It was written by an anonymous author in the late twelfth century, who is known today to have been Péter Pósa, bishop of Bosnia.
Around 1280 Magister Simeon Kézai wrote another historical work entitled "Gesta Hunnorum et Hungarorum." Of all the chronicles, the "Illustrated Chronicles" published in 1358 by Mark Kálti remains as the most famous and important work.
clevelandmemory.org /Hungarians/supplement3.htm   (2462 words)

  
 God Terrifies Attila the Hun
This codex was written in Latin between AD 1358 and 1370 and its full title is: Chronicon pictum, Marci de Kalt, Chronica de gestis Hungarorum, that is Illustrated Chronicle, Mark Kalt's Chronicle About the Deeds of the Hungarians (see one of its pages in the picture).
This codex is a historical and literary masterpiece, wonderfully illustrated with miniatures, and contains the most complete text of Gesta Hungarorum (The Deeds of the Hungarians).
It is one of the most trustworthy documents on early Hungarian history, and it is presently stored in the National Széchényi Library in Budapest.
www.cryingvoice.com /Christianity/HunAttila.html   (1410 words)

  
 TRANSYLVANIA - History of Transylvania, demographics of Transylvania, Transylvania today.
At the very end of the 9th Century seven Magyar (Hungarian) tribes, under the leadership of Árpád, are believed to have conquered the Carpathian Basin, including (by 934 A.D) Transylvania.
Gesta Hungarorum and De Administrando Imperio also speak of three rulers called Geula/Gyyla/Gylas in Transylvania.
The existence of these leaders is a subject of debate between various historians.
www.transylvania-tours.com /transylvania/wiki.htm   (3874 words)

  
 The Lengend of the Stagg
Nimrod was a mighty warrior king who also expanded his empire to include much of the northern and eastern territories and he and his people moved there, to the land of Evilath, following the confusion of languages.
(Simon Kezai, Gesta Hungarorum, ca 1282) (according to Berrosus the Babilonian historian, Belas [Bel Nimrud] ruled for 56 years 130 years following the flood, and built the tower of Babel in the land of Sinear to the height of a mountain.) This land was latter called east Persia, and lay next to Northern India.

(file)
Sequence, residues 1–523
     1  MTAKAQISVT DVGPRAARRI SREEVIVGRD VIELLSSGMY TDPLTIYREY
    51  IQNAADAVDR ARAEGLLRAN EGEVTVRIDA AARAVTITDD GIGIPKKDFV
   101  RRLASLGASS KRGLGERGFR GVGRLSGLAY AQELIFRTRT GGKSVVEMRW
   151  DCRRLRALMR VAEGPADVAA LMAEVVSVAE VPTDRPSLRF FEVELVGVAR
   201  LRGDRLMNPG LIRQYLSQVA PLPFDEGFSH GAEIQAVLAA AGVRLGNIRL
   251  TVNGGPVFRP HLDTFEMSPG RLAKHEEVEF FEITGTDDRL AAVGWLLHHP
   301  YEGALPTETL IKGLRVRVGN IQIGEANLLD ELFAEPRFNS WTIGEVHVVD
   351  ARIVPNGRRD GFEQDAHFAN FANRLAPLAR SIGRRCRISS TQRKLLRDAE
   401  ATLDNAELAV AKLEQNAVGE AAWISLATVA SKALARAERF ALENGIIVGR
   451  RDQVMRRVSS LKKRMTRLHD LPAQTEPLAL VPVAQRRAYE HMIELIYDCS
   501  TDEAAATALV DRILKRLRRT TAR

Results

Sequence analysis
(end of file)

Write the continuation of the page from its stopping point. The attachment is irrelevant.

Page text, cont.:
The two young men were so enchanted by the two princesses that they resolved to marry them, so they and their men kidnapped all the women and married them according to their custom.
users.cwnet.com /millenia/stagg.htm   (2867 words)

  
 The Legend of the Stag
The sequence also first goes through the cycle of generation then through the cycles of nature.
The giant Menrot (Nimrod), who built the tower 201 years after the flood (form Kezai,Gesta Hungarorum, and also the story of the flood by Berosus the last Babylonian historian).
Moved to the land of Evilath, which today we call Persia Here, from his wife Eneth....
pinetreeweb.com /stag.htm   (2316 words)

  
 Hungarians have buy their country from Slavic king
And according to the Gesta Hungarorum, Turkish Volgan-Bulgars also settled in Hungary in the 10th century.
It was written around the end of 12th century so it has lot of historical mistakes about the 10th century and the author mixed the present situations of his age and historical things.
And these mistakes are common in the Gesta Hungarorum.
p083.ezboard.com /fbalkansfrm9.showMessage?topicID=237.topic   (2700 words)

  
 GestaJewelry-Home
Gesta's mission is to provide unique artifacts that bring the inheritance of an ancient culture closer to you in up to date quality.
Every jewelry has its own (hi)story which is provided by our Hungarian archaeologist and the items are made in Canada using high-tech equipments.
Gesta's first collection is based on 10th century history of Hungary, though it is our intention to create items subsequently, based on both earlier and later periods.
members.tripod.com /~gestajewelry/index.htm   (172 words)

  
 O. Maenchen-Helfen - The Language of the Huns - 4
ai, who dedicated his Gesta Hungarorum to Ladislaus IV (1272-1290), preserved genuine Magyar traditions about the Huns has long been refuted.
Eighty years ago Hodgkin wrote: "The Hungarian traditions no more fully illustrate the history of Attila than the Book of Mormon illustrates the history of the Jews." [92] Rásonyi's explanation of the name in Priscus is unconvincing.
For a masterful analysis of the Gesta Hungarorum, see Macartney 1951, and 1953, 89-109.
www.kroraina.com /huns/mh/mh_4.html   (1183 words)

  
 Nibelungen Maps -- English
It seems a historically factual to say that the Huns led by Attila employed Budapest as their headquarters (ca.
But gradually, accounts from France and Italy who were victimized by Attila gradually began to penetrate into Hungary, so that some of his atrocities became known.
Consequently, in 1280, one Simon of Keza/Kezai wrote (perhaps by commission) a revised Gesta Hungarorum which describes Attila's line as having died out, making it now impossible for the ducal house of Almus and Arpad to be related to Attila by blood.
home.netcom.com /~kyamazak/myth/nibelungen/nibel-maptext-e.htm   (2548 words)